Equality

I have been hesitant to call myself a feminist, because I don’t fight for women’s rights – I fight for everyone’s rights. I want equality. Most of all, what I want is to end segregation. To consider people for who they are, not what gender, race, or class they happen to be.

In a startling display of equality, the Federal government recently announced a paid parental leave scheme. NOT a maternity leave scheme. Either parent can take the leave, or they can share it between them. Well hallelujah! Official recognition of mothers and fathers as equal parents. Now we just have to hope that society catches up sometime in the next century or so.
This is just one battle in the war against gender myths. There are so many of them, like the myth that there are “male jobs” and “female jobs”. My eldest daughter goes to a primary school without a single male teacher. But it’s ok – the contractors who come in to teach sport are guys. My youngest daughter goes to a child care centre with no male carers. But it’s ok, the contractor who comes in to run the sports program is a guy. Apparently men are allowed to interact with little kids when sport is involved.

Engineers are men. Computer scientists are men. Teachers are women. So who teaches engineering and computer science? Ooh, don’t go there. Next question please!
I have a PhD in computer science, and the men in my department always asked me why we didn’t have more female students. I didn’t know, because whatever it was that was keeping the girls away clearly hadn’t worked on me. But I think I’ve worked it out now. It’s our gender myths that are constraining us, tying us down, and robbing us all (not just the girls) of choices. And the biggest myth of all is the worst: Men and women can’t be friends.
This has always struck me as bizarre, but I put it down to my own weirdness. After all, at those parties with the girls in one room and the guys in the other, I was always in the wrong room. But now I think it is worse than that. It’s not just a problem for those of us in the wrong room. It’s a problem for our whole society. How can we understand the opposite sex if we never communicate with them outside the high stakes of sexual relationships?

Why would you close yourself off to the perspective and potential of half the human race? If we are fundamentally different then we complement each other, fill in the gaps and provide a different set of skills, thoughts and feelings. If we are fundamentally the same then there is nothing to keep us apart! Either way, we can all benefit from getting the communication going. The myth that we are separate species, that we are so different we need separate activities, separate parties, separate sports, is absolutely corrosive. If men and women can’t be friends, can’t be equals who respect each other and interact in every facet of our lives, then we can never progress beyond the sort of behaviour shown by Matthew Johns, that is apparently standard among rugby league players. We will never achieve true equality in the workplace, where men can work with small children without arousing suspicion. Where a woman can be CEO of a big company without causing comment. Where a woman can front the nightly news on a commercial television channel (hah! as if!).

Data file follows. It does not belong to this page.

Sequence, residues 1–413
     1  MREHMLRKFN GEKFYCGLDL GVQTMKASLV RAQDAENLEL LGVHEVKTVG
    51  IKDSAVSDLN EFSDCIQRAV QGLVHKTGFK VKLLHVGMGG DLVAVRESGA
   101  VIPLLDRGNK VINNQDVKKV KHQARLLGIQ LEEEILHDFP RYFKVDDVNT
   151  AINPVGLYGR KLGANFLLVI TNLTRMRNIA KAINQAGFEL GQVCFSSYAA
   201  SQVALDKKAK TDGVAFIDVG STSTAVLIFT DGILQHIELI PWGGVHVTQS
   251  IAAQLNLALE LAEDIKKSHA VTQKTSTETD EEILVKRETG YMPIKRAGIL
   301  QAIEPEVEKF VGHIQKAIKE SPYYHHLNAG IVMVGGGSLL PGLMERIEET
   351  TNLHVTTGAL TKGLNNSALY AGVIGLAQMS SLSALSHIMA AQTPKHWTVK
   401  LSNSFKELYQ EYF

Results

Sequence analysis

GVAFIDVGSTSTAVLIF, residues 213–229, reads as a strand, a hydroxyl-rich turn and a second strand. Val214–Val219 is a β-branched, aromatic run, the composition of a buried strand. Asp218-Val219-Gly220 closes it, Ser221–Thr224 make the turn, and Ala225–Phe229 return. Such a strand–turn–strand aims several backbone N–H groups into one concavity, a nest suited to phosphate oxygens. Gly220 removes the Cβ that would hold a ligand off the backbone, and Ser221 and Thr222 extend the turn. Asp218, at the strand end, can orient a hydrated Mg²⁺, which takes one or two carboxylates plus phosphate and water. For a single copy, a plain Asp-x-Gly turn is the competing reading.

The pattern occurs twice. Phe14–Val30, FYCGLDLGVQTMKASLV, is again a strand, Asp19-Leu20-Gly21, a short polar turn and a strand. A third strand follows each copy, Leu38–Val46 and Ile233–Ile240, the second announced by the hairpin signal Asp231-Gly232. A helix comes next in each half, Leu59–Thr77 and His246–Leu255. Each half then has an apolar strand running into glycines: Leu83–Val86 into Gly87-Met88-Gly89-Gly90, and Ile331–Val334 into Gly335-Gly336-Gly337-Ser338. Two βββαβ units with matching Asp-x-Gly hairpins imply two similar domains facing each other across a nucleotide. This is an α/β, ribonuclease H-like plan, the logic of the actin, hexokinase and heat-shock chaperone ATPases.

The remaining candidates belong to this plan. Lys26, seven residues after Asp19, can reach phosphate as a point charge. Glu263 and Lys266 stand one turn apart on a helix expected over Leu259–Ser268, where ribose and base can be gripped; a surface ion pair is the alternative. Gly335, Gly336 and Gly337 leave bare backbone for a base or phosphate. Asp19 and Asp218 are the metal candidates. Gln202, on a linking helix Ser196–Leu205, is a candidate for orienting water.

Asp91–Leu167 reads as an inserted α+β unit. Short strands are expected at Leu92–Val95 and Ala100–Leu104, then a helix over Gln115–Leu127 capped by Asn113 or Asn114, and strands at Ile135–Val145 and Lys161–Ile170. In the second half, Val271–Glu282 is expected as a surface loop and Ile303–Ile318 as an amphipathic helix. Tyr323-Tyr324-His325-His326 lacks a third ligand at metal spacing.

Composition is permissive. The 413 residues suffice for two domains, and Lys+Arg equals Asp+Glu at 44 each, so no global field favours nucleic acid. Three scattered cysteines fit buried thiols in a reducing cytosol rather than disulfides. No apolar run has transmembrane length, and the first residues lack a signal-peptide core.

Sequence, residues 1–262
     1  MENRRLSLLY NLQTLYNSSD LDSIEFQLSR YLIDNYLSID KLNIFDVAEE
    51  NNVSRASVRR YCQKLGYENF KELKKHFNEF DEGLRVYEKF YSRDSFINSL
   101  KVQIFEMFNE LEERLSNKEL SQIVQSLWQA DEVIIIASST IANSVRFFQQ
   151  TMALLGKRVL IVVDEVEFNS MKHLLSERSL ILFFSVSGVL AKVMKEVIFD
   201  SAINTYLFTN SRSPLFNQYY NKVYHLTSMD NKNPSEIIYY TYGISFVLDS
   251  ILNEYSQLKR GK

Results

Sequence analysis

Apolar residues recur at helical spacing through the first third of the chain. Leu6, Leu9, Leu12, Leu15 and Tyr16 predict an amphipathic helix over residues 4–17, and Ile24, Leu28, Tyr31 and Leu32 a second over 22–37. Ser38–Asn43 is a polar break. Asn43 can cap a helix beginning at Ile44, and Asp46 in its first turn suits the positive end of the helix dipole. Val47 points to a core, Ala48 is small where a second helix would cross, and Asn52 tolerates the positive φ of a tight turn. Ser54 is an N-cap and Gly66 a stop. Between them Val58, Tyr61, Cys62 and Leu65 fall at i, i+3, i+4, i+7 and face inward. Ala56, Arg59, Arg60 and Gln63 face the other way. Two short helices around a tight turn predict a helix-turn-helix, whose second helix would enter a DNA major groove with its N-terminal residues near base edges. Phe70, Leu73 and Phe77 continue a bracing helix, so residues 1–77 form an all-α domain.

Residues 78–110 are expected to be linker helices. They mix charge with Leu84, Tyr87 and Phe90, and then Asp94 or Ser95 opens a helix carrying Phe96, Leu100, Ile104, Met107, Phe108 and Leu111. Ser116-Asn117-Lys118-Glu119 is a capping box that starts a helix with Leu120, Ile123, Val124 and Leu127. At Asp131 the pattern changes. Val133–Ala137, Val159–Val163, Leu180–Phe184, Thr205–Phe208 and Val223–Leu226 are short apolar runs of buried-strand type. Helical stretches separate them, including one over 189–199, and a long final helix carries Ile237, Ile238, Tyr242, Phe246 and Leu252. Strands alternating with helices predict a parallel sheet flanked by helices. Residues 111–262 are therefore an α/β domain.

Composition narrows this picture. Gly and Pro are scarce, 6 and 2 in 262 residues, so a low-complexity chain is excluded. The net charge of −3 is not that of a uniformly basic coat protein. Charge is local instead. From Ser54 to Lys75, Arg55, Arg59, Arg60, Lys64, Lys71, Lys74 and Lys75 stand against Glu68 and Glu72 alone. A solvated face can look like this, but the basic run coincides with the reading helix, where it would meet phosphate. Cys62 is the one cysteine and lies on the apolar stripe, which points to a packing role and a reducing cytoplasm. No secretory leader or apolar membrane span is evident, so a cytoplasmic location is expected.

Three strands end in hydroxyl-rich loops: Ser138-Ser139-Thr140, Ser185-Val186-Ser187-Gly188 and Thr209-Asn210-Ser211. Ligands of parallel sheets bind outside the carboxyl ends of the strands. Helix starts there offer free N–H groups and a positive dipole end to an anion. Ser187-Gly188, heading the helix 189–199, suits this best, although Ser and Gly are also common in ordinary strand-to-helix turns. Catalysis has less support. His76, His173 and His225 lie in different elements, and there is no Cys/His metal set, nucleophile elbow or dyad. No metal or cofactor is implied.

If you buy into the dominant myth, heterosexual couples can wind up barely seeing their partners socially. Those rare parties to which you are both invited will have separate rooms for men and women. Too often, the simpler route of poker nights for men, tupperware parties for women is the road most taken. Yet we have the most to offer each other when we consider our similarities. When we participate in a world where we both belong, where we can freely follow our talents and preferences, regardless of whether they are typically male or typically female.

A friend of mine never used to play with dolls, until other little girls came over. Then she would show interest in the dolls as a way to fit in. As soon as the girls left, she would be out the door and climbing the nearest tree, leaving the dolls far behind. In a way, we’re all trapped trying to play with dolls to belong. The guys who are good with little kids, the girls who are good with machines. The guys who wear pink, the girls who never wear makeup or high heels. The mums who go back to work full time. The dads who stay home to look after the kids. We all feel like misfits.
We have a photo of our daughter, when she was 3, wearing a fairy dress and playing with a bulldozer. I think that sums it up perfectly. Wear the fairy dress. Play with the bulldozer. If you don’t like dolls, don’t play with them! Smash the gender myths!

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